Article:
Cameraperson (1/21/2017)

Cameraperson is a sort of video collage that documentary cinematographer Kirsten Johnson put together mainly using outtakes from documentaries she photographed for other filmmakers and some of her home movies all presented without voiceover and simple captions establishing the various sources.  The title card at the beginning explains that she believes this collage will serve as a sort of autobiography and I’m just not so sure that’s what I got out of it.  We certainly get a good idea of the various places that she’s been in her career and the breadth of her work as well as a vague sense that she has a family, but beyond that we are told very little about her personality and outlook.  Perhaps if she actually were the director on these movies I could see a pure career retrospective being a bit more impactful, but if all she’s doing is pointing the camera in the direction that the various directors told her to I don’t see how much that’s really going to reflect on her beyond the various kinds of jobs she took.  I suppose that could be the point; that it’s about a simple worker trying to do the most she can in her oft overlooked role, but is that really enough to make this a great piece of work?  I don’t know.  The movie is a bit more watchable than you’d maybe think given the description and there is something a bit hypnotic about it all for the first hour or so, but as we returned to various locations over and over again it all got a bit tedious.  The film has been getting some rave reviews from sources I respect, so maybe I’m just missing something, but as of now I can’t help but kind of shrug my shoulders at the whole thing.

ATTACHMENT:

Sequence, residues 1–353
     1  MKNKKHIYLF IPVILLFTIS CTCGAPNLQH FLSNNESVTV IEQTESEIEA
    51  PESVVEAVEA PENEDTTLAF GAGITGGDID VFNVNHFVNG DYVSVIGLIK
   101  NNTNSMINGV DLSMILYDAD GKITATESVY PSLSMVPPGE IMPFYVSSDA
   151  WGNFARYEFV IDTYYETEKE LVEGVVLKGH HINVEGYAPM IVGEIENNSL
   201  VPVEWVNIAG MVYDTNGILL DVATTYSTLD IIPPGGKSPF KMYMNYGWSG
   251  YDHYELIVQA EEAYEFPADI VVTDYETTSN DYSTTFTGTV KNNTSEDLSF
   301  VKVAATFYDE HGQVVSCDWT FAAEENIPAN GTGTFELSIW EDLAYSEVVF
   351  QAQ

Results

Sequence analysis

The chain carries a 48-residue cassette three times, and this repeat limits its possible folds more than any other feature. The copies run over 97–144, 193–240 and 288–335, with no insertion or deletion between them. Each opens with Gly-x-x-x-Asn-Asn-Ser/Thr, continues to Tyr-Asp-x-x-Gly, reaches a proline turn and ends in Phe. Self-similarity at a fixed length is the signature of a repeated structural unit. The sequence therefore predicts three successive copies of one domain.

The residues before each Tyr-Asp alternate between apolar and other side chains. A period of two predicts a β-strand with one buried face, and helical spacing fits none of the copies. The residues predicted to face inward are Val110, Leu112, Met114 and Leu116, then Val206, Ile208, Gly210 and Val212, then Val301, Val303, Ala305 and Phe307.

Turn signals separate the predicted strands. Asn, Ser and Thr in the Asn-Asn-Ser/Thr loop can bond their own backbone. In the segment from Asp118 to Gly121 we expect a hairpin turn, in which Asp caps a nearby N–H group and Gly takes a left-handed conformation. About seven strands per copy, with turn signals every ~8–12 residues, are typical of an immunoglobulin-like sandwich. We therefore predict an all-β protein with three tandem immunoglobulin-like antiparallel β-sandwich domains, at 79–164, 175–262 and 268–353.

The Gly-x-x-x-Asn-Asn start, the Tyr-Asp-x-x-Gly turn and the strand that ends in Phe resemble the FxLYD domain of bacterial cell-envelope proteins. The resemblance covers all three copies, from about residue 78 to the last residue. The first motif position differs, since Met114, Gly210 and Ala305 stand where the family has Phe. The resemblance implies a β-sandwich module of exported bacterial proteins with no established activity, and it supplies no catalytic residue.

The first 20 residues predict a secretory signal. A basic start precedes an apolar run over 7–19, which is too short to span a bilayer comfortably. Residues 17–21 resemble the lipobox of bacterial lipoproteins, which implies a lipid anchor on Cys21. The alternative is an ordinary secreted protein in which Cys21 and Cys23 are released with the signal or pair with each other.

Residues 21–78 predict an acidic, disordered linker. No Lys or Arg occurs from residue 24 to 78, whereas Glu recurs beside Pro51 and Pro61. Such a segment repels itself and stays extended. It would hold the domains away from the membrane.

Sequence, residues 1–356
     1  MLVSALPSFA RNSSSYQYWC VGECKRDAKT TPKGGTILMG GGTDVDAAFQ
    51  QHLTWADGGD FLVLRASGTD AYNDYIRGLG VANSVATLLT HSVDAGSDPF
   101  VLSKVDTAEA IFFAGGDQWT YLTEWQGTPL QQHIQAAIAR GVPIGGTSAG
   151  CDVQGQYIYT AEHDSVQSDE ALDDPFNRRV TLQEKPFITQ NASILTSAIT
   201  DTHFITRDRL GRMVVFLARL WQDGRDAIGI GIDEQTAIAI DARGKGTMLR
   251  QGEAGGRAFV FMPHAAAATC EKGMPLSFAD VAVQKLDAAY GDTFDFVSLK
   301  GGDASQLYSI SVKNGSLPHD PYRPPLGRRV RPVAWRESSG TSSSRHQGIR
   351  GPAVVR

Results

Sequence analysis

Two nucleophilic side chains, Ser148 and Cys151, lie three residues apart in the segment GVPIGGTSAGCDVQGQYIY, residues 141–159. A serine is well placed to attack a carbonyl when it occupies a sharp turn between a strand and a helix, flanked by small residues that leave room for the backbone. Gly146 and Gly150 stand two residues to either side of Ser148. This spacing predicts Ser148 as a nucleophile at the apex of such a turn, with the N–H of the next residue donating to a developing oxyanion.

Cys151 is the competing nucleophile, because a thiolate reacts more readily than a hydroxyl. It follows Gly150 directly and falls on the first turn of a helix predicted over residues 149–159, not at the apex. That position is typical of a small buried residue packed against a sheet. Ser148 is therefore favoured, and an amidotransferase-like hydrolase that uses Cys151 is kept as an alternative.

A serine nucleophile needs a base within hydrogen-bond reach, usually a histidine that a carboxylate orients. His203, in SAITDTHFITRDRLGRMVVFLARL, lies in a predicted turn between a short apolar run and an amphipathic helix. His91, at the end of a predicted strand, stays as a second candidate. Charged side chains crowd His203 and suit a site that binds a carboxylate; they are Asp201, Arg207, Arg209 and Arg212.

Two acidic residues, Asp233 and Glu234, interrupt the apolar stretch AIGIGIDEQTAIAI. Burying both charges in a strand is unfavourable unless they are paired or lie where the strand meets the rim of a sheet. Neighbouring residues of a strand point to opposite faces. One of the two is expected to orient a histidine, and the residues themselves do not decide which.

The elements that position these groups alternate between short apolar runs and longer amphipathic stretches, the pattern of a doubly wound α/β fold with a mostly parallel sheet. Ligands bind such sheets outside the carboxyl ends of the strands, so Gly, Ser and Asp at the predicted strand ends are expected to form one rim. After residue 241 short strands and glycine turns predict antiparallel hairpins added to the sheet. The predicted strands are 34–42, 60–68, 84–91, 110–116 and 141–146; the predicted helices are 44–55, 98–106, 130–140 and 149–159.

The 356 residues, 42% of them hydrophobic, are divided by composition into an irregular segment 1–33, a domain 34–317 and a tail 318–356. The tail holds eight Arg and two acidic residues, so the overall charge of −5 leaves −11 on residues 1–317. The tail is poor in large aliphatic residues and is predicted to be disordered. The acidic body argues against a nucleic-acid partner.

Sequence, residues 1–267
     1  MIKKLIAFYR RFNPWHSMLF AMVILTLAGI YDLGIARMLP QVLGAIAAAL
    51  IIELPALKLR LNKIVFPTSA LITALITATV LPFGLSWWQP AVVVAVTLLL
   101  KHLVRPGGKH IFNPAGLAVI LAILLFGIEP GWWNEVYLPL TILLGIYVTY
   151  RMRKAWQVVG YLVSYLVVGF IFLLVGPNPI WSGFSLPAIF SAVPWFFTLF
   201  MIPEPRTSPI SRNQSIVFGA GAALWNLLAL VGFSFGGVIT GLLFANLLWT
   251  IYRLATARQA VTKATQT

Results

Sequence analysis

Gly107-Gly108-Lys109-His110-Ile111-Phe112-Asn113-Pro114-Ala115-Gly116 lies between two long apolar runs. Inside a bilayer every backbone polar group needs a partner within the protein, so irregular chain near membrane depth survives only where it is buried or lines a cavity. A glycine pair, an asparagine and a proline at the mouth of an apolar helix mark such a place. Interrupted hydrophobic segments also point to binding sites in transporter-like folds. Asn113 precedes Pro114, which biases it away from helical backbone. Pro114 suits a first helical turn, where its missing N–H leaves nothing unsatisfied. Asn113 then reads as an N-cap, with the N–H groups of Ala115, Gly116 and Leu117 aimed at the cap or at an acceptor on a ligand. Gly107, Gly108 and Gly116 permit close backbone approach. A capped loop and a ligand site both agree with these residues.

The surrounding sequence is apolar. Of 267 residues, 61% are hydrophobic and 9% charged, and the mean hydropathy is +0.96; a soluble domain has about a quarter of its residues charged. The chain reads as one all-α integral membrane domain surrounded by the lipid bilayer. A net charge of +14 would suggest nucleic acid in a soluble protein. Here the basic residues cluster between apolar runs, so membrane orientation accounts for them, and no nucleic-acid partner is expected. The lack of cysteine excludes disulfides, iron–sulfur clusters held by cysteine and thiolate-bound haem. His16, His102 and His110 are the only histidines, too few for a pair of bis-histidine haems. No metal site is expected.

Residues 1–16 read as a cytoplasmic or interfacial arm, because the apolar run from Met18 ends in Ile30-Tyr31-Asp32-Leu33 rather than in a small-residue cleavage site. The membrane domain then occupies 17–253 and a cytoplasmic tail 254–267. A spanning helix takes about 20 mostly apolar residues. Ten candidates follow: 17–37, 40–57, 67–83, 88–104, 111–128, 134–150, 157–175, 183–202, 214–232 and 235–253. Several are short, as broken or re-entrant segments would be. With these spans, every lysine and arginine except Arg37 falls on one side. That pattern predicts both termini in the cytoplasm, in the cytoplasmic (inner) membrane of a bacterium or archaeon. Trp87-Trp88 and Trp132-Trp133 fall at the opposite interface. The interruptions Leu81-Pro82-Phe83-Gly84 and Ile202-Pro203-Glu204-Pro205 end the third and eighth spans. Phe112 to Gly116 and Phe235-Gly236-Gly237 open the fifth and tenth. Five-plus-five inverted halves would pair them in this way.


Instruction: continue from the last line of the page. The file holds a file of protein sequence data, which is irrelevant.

Jason Bourne (1/22/2017)